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Lone Survivors: How We Came to Be the Only Humans on Earth [Kindle Edition]

Chris Stringer
4.3 out of 5 stars  See all reviews (96 customer reviews)

Print List Price: $15.99
Kindle Price: $9.99
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Book Description

A leading researcher on human evolution proposes a new and controversial theory of how our species came to be


In this groundbreaking and engaging work of science, world-renowned paleoanthropologist Chris Stringer sets out a new theory of humanity's origin, challenging both the multiregionalists (who hold that modern humans developed from ancient ancestors in different parts of the world) and his own "out of Africa" theory, which maintains that humans emerged rapidly in one small part of Africa and then spread to replace all other humans within and outside the continent. Stringer's new theory, based on archeological and genetic evidence, holds that distinct humans coexisted and competed across the African continent--exchanging genes, tools, and behavioral strategies.


Stringer draws on analyses of old and new fossils from around the world, DNA studies of Neanderthals (using the full genome map) and other species, and recent archeological digs to unveil his new theory. He shows how the most sensational recent fossil findings fit with his model, and he questions previous concepts (including his own) of modernity and how it evolved.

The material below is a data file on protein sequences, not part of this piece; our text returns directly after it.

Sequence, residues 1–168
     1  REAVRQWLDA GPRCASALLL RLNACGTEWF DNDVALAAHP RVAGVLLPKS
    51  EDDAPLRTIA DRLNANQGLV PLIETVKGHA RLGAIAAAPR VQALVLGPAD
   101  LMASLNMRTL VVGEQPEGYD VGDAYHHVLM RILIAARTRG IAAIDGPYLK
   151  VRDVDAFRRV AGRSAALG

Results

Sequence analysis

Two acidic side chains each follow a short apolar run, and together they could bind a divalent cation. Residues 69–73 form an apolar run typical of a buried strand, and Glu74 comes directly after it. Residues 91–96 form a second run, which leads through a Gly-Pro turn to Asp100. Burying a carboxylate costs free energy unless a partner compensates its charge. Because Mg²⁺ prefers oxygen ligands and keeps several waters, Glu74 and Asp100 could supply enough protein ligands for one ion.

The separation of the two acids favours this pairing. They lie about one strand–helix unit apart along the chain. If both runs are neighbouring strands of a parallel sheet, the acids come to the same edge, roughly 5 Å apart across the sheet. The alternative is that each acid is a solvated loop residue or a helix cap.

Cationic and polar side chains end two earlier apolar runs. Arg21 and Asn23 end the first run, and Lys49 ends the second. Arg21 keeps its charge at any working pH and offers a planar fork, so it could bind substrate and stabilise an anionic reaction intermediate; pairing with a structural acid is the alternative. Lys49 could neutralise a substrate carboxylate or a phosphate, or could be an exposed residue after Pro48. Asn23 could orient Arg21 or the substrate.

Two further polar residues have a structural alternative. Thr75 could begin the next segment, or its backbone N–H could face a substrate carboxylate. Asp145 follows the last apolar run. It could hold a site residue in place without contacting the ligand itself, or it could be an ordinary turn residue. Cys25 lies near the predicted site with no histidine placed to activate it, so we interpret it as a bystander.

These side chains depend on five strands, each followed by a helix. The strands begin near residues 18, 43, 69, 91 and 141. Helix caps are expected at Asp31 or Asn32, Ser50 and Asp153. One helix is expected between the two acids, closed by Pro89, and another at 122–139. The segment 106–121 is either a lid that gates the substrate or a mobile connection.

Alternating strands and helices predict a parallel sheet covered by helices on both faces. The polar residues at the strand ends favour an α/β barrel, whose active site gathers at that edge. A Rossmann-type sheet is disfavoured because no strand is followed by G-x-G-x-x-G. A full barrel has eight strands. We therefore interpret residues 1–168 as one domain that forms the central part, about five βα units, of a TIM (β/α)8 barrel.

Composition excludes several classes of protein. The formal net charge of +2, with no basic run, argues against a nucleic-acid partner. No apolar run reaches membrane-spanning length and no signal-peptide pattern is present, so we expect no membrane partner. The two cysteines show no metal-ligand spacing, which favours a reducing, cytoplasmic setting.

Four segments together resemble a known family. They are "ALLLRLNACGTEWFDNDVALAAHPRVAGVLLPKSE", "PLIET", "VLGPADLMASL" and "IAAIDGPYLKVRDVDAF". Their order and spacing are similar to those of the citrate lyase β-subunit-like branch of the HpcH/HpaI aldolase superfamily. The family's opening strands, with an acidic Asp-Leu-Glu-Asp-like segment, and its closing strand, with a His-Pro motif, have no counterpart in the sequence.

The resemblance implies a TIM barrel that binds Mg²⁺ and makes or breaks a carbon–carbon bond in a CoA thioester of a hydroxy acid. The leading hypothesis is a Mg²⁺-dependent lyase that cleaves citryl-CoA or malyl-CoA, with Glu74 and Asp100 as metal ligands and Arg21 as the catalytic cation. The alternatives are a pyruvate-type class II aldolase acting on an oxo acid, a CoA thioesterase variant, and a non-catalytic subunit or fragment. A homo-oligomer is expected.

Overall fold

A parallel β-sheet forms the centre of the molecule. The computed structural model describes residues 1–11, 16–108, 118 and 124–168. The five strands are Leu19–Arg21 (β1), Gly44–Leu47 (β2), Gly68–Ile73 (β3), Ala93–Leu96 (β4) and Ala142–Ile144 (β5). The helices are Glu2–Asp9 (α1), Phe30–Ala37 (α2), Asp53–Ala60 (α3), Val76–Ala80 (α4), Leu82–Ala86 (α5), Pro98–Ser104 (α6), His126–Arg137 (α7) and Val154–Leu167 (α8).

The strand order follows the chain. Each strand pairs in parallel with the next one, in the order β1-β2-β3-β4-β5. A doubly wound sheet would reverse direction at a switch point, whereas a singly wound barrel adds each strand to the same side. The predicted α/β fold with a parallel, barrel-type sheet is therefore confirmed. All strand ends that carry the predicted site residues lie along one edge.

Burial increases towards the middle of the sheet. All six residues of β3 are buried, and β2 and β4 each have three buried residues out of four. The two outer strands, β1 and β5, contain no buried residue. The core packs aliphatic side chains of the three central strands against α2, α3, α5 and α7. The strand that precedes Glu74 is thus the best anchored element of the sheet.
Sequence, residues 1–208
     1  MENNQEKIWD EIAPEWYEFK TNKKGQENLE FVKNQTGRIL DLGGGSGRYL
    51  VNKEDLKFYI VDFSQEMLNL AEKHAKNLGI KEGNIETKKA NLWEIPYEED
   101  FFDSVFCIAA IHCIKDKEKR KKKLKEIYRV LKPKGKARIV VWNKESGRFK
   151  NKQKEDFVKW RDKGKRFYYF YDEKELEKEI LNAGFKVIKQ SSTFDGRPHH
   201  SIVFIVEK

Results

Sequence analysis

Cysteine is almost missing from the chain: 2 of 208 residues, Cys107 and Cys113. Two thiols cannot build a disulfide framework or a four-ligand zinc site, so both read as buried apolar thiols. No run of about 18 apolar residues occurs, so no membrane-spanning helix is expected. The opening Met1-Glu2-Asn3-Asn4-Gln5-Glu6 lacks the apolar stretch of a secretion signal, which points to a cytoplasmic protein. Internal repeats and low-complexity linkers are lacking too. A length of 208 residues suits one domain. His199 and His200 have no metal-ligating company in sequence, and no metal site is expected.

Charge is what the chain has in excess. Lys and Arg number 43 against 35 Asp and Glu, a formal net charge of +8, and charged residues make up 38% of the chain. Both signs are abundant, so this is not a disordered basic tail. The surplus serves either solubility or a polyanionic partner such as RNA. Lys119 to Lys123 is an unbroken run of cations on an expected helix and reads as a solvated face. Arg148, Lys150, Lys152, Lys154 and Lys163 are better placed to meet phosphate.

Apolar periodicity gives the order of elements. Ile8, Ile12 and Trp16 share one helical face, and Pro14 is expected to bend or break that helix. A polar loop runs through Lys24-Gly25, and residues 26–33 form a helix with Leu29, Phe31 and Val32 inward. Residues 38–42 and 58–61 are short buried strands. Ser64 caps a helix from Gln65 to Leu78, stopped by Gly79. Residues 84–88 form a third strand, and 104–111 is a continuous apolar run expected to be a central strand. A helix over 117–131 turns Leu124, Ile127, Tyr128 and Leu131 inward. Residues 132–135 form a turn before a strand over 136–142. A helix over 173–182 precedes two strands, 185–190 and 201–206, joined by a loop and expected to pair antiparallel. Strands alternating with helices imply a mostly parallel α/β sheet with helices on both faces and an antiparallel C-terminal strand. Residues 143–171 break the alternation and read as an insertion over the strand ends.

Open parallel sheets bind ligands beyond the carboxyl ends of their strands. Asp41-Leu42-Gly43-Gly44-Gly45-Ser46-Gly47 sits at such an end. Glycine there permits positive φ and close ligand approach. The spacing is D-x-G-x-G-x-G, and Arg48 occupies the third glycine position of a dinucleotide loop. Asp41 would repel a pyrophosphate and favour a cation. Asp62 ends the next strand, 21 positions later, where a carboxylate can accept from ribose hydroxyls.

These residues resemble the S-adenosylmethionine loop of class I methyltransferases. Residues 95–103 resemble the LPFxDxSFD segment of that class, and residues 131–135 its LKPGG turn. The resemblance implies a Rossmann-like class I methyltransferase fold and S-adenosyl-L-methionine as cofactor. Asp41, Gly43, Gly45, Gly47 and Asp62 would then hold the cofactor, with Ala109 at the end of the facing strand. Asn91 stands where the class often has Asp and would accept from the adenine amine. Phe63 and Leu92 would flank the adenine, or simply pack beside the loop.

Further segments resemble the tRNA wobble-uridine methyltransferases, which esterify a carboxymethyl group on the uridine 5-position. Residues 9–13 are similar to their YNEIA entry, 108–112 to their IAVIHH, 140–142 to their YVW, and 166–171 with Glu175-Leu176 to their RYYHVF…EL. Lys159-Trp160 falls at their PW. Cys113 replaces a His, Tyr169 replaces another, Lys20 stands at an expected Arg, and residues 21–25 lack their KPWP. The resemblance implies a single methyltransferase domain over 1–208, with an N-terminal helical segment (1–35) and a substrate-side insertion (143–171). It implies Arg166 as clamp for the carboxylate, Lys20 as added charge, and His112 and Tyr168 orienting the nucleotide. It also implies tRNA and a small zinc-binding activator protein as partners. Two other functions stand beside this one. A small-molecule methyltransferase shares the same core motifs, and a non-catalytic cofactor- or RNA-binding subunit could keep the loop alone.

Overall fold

Lone Survivors will be the definitive account of who and what we were, and will change perceptions about our origins and about what it means to be human.



Editorial Reviews

Review

“When it comes to human evolution [Chris Stringer] is as close to the horse's mouth as it gets Lone Survivors should be the one-stop source on the subject. Read it now.”
—Henry Gee, BBC Focus

“Combining the thrill of a novel with a remarkable depth of perspective, the book offers a panorama of recent developments in paleoanthropology . . . refreshingly politically incorrect.” —Jean-Jacques Hublin, Nature

“Readers seeking to advance beyond the usual flamboyant field researchers will enjoy this intense, detailed account of what the world’s anthropologists are doing, thinking, and quarrelling about.” —Kirkus Reviews

About the Author

CHRIS STRINGER is the author of The Complete World of Human Evolution, Homo britannicus, and more than two hundred books and papers on the subject of human evolution. One of the world's foremost paleoanthropologists, he is a researcher at the Natural History Museum in London and a Fellow of the Royal Society. He has three children and lives in Sussex and London.


Product Details

  • File Size: 1325 KB
  • Print Length: 336 pages
  • Page Numbers Source ISBN: 0805088911